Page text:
Copy Constructor in C++ is used to create a copy of the object of its class.

Recommended: Constructor in C++

What is the Need of Copying the Object?

Consider this block of C++ code.

Observe the display function of TestClass. It is accepting a TestClass object as a parameter and displaying the data of the same.

Since the object obj1 is declared inside the main function, the scope of the obj1 is limited to the main function.

how the obj1 is accessible in the display function as it is no scope outside the main function?

It is because instead of the original object, the copy of obj1 is being passed to the display function.

The compiler automatically generates a copy of the object.

Using Copy Constructor we can inspect, observe, or modify the copying of objects according to our needs.

Here is the snippet of the copy constructor of TestClass.

The copy constructor is more or less the same as the constructor of the class. The only difference is that it accepts an object as a parameter.

Here the object argument source is declared constant because we do not want to make changes to the original object even by mistake.

Also, we are using it as an alias (i.e. & in the prefix) because if we use it as a normal object then it would be a copy of the original object, the funny thing is that the copy constructor is the only one which does the copy job for the object.

Hence if we don’t use alias we would get stuck in an endless loop (i.e. copy constructor calling itself again and again).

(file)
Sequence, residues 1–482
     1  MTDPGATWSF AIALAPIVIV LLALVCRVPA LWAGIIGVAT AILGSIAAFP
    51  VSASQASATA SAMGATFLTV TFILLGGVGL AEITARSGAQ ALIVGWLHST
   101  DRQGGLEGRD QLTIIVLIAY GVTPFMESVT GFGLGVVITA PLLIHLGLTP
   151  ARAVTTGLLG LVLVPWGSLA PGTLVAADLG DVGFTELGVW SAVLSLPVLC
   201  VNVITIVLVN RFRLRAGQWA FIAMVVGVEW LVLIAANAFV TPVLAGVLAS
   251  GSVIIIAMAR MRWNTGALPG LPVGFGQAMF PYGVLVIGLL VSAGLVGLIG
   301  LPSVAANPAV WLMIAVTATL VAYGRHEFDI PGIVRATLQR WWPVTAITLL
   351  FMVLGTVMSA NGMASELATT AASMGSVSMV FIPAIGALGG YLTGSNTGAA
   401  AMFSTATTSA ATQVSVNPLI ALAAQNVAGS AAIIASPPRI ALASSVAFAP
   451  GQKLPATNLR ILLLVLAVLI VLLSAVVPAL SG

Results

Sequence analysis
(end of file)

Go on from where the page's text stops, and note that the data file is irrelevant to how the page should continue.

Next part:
Program illustrating copy constructor in C++

We have changed the above program a little bit by adding a copy constructor.

Output

Copy constructor in c++

Notice in the output before getting the output of display function, we are getting the output of copy constructor, although we haven’t called Copy constructor explicitly.

It proves that copy constructor is getting called automatically to create the copy of obj1 for display function (i.e. argument of display function is the copy of original object obj1).

Shallow Copy and Deep Copy

Copying of objects can be classified into two categories.

  • Deep Copy.
  • Shallow Copy.

Consider the following class in C++:

This class has one pointer variable i.e. myVariable.

If we create two objects of this class and try to assign one object to another then it may happen that the pointer variable of the 2nd object will store the address of the pointer variable of the 1st object.

This is known as shallow copy because instead of creating its own address space the pointer variable is pointing to the address space of the old object (1st object).

But you can explicitly make your own copy constructor as mentioned in the above example.

In the same copy constructor, you can explicitly allocate space for the current object’s pointer variable and assign the value of the pointer variable instead of pointing to 1st object pointer variable’s address.

In this way own address space of the pointer variable is created in the memory which will hold the same value and will have no link with the 1st object. This is the deep copy.

In this tutorial, we learned about copy constructor in C++.

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